OTHER OPTIONS: Speckled trout fishing heats up in the Gulf of Mexico near Waveland. Live shrimp and croakers fished from the piers can be surprisingly productive. Handgrabbing flathead catfish on the upper Big Black River is reaching its peak for those seeking an unconventional and exciting fishing method.
JULY – Natchez State Park Lake Largemouth Bass
Summer isn’t when most anglers consider being prime time for lunker largemouths. However, most anglers haven’t experienced schooling largemouths at Natchez State Park Lake in mid-summer. This 230-acre lake near Natchez is a perfect spot-and-stalk bass lake. Just sit back in the boat and wait for bass to start boiling the surface of the lake as they push the many schools of shad to the top, and cast.
“Although topwater lures will catch the smaller bass near the surface, you need to get deeper to catch those lunkers,” said Don Hynum. “I prefer a 5- or 6- inch shad-colored soft plastic swimming jig for bass in the double-digit class.”
OTHER OPTIONS: Head south to experience some great nighttime flounder gigging in the shallow waters along the beach at Ship Island and Horn Island. The smallmouth action on Pickwick Lake is outstanding this time of year and should also be considered.
AUGUST – Bay St. Louis Redfish
Some of the best late-summer redfishing can be had in the waters around Bay St. Louis. With an abundance of deep holes and deeper channels, this area attracts large numbers of big redfish. And wade and shore fishing can be productive. Bill Lewis Spin-Traps, gold spoons and soft-plastic jigs are usually the most productive lures, but carrying a few live croakers certainly wouldn’t hurt.
OTHER OPTIONS: Target tripletail around crab pot trap markers in the shallows of the Mississippi Sound with live shrimp under a cork. Following extensive renovations, Lake Tangipahoa at Percy Quin State Park near McComb offers awesome catches of bluegills from shore or boats.
SEPTEMBER – Barrier Islands Cobia: Barrier Islands
As the waters in the Gulf of Mexico start to cool, cobia begin moving into shallower water. They can be found along the Gulfport Ship Channel that runs between Horn and Ship Island. Cobia hang out along the dredged channel walls marked by the channel buoys. The old bait-and-switch method works great on big lemonfish. Locate them by throwing a heavy chartreuse or pink jig, then switch to a live eel hooked up like a Carolina rig and drift fish along the channel markers.
OTHER OPTIONS: Largemouth fishing at night on Eagle Lake near Vicksburg is a great way to take a break from the late summer heat. Big speckled trout can be caught on live croakers around oyster beds, range markers and “fish havens” in the waters around Gulfport.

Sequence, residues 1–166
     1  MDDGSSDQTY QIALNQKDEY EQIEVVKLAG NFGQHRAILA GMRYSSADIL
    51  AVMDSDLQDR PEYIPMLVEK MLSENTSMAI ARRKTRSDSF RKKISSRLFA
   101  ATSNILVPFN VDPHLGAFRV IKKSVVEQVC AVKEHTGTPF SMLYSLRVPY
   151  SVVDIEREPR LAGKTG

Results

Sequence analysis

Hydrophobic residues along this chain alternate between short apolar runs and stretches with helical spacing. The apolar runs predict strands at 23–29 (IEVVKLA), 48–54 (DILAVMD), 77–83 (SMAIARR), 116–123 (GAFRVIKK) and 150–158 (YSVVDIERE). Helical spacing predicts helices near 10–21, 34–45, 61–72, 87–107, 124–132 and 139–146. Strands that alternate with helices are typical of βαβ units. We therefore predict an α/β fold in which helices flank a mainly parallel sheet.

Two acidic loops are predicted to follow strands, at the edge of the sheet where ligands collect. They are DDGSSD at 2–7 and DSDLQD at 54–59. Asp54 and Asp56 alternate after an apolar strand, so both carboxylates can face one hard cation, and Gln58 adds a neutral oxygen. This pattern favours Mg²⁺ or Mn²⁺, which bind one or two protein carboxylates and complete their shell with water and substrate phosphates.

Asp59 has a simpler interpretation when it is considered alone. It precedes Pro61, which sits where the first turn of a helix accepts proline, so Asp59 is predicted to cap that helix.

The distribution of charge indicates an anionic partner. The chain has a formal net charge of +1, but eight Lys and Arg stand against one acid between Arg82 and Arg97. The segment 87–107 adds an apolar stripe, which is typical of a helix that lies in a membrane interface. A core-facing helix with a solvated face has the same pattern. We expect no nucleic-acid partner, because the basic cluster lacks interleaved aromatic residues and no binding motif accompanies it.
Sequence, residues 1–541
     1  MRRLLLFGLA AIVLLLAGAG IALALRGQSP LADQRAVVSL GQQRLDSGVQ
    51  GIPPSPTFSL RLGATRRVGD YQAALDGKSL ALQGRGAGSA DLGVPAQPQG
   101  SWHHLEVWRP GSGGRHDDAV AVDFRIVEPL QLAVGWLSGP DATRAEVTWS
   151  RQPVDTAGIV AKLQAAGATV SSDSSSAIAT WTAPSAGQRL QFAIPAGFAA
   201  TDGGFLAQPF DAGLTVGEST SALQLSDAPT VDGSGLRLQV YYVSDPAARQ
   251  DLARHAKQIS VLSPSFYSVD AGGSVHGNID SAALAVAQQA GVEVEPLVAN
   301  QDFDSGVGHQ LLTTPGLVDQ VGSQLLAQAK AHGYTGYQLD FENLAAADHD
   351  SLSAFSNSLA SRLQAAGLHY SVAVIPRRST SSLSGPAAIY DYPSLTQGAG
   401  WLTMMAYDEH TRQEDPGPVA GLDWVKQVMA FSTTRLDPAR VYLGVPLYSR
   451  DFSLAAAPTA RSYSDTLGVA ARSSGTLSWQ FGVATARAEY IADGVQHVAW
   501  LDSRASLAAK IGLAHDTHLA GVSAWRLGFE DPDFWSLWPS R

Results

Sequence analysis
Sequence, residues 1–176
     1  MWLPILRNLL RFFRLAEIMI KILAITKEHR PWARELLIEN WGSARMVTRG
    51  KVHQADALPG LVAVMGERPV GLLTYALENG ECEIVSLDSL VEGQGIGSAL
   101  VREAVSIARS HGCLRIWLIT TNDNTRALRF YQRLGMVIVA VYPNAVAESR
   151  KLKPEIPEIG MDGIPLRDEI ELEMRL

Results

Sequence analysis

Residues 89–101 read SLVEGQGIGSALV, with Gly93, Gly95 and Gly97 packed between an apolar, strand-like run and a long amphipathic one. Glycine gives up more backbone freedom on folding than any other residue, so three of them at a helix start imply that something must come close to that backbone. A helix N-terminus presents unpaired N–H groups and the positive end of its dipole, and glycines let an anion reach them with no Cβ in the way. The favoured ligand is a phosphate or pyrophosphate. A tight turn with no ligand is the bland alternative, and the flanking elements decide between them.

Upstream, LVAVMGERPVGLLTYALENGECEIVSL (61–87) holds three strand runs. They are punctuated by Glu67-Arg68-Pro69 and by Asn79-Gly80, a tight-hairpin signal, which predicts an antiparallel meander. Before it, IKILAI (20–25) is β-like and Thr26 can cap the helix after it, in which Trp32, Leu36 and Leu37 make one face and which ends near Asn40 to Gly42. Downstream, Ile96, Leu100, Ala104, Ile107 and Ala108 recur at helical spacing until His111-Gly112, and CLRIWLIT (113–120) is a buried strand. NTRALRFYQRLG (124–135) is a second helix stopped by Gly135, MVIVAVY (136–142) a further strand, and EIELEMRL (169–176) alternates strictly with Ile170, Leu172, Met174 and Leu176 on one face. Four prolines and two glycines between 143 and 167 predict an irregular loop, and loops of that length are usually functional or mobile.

OCTOBER – Mississippi River Blue Catfish
October is the prime month for tightlining giant blue cats on Old Man River. And since some of these river catfish can weigh well over 100 pounds, it would be wise to use heavy fishing gear. Large chunks of skipjack herring or big shiners are the preferred baits. Concentrate on deep holes, especially behind rock dikes 60 to 100 feet deep, to hook a really big catfish. Good fishing holes can be found the length of the Mississippi.
OTHER OPTIONS: Some great white bass can be found at Grenada Lake. And with the cooler water temperatures, crappie on Arkabutla Lake near Hernando heats up as crappie return to their fall feeding-frenzy patterns.
NOVEMBER – Gulf Coast Marsh Speckled Trout
November is the transition period when speckled trout start moving out of the Gulf and into the marsh. As temperatures drop during the month, these fish continue to move farther into the marsh gorging on brown shrimp to build up fat reserves for the winter. This is the month to catch some of the biggest trout of the year. An abundance of 2- to 4-pound speckled trout can be expected.
The majority of light-tackle inshore guides prefer artificial lures for fall specks. They have good success with slow-sinking and topwater MirrOLures. When it comes to soft plastics, favorite colors are chartreuse, glow, purple and electric chicken attached to a 1/4-ounce jig. The presentation of choice is a slow retrieve or 14 inches under a popping cork.
OTHER OPTIONS: Although ground mullet are often overlooked along the Gulf Coast, but these small fish are as easy to catch as they are delicious to eat. Anglers can catch hundreds on cut bait or shrimp in a short period of time around oyster reefs and “fish havens” in 10 to 20 feet of water. The white bass action couldn’t get any hotter at Sardis Lake. Target them on points where they can be found in large schools waiting to ambush migrating shad.
DECEMBER – Homochitto River Spotted Bass
The Homochitto River is one of the best, spotted bass fishing destinations in the Magnolia State. With the onset of colder weather, these fish become active in the clear water of the upper Homochitto. Spots can be found in large numbers staging along shallow sand and gravel bars adjacent to deeper pools of water. Crankbaits and spinnerbaits tend to be the most productive lures. Just remember that smaller lures are more effective when it comes to spotted bass.
OTHER OPTIONS: Although not many take advantage of it, this is a great time to catch some fat flathead catfish on the Yazoo River. Just keep in mind that flatheads prey almost exclusively upon live fish, such as bream, shad, skipjack, minnows or other catfish. Also, the winter drawdown on Grenada Lake makes for some outstanding crappie fishing. So for those anglers who enjoy catching, and then eating, delicious panfish, this is a great option.